Humans are changing the face of the planet. We’ve had sufficient impact on the surface that scientists have proposed a new geologic age, the Anthropocene, and we’re also changing the hydrosphere. In addition to toxins and plastics, the oceans are increasingly filled with human-generated noise pollution. Scientists first realized that this noise pollution affects marine mammals 3 decades ago, but now new research is highlighting its effects on species lower down on the food chain.
A study in Marine Pollution Bulletin looking at the effects of boat noise on the early life development of two types of damselfish found that heightened noise was associated with increased heart rates and physical changes to the fishes’ bodies. The results suggest that growing up in a noisy reef could affect the fishes’ long-term survival rates.
Noise pollution in the ocean has increased fourfold since the 1950s, largely because of commercial shipping, and the effects are noticeable. Previous work has shown that noise pollution changes the behavior, communication, and movements of marine wildlife and also induces stress in fish, but there is little research to date on noise’s impact on early development.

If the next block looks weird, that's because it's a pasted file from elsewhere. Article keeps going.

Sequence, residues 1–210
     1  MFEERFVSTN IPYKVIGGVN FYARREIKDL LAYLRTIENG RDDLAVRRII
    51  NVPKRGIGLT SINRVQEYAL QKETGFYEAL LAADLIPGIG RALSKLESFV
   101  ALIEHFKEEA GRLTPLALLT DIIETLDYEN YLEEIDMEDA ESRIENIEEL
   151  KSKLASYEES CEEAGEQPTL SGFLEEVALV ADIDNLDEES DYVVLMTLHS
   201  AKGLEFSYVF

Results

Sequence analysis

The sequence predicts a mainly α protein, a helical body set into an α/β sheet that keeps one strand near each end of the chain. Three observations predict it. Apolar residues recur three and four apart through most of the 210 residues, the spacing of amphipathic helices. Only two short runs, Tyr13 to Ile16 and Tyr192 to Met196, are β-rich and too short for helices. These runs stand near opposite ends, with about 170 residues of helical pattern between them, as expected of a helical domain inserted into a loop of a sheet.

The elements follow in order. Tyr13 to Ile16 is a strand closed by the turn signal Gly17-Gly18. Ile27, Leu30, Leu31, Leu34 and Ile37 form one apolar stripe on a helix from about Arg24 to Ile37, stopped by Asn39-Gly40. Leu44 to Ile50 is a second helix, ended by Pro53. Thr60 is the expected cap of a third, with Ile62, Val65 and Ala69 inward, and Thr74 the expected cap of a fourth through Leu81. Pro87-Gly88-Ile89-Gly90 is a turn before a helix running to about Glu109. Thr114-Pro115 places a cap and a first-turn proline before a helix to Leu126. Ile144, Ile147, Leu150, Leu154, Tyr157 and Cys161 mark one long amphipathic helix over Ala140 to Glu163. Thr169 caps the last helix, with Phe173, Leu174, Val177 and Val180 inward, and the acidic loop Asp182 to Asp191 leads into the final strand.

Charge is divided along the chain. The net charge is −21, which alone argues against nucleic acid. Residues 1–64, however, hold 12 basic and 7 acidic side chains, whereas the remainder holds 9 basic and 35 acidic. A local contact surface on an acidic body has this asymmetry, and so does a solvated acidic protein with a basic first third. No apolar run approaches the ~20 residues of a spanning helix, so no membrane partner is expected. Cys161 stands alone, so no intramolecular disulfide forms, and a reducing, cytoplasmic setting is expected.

The new research looked at the development of two species of damselfish, cinnamon clownfish and spiny chromis, as they grew from embryos to hatchlings in tanks. Half of the embryos were exposed to normal levels of marine sounds, and the other half were exposed to the additional noise of motorboats. The researchers noted that the boat noise increased the fishes’ heart rates by 10% in both species, indicating they were stressed by the noise.
After hatching, the spiny chromis exposed to boat noise were slightly larger and had bigger eyes and smaller egg yolk sacs. The fish are sustained by yolk until they’re able to find their own food, so noise pollution may affect the way fish develop into adults.
In the lab, both noise groups had similar survival rates at birth, but in natural environments it is possible that increased stress could make the fish more vulnerable to predation. The differences between the two species further suggest that some fish might be more resilient to noise pollution.
“With the fish, [scientists] are just starting to touch the surface of who might be vulnerable and who are the more resilient species,” said Lauren McWhinnie, a researcher at the University of Victoria in Canada who was not involved with the new study. “We’ve looked before with climate and acidification, seeing that there are certain species that will be more resilient to those things, but noise is quite a new factor.”
—Mara Johnson-Groh, Freelance Science Writer and Photographer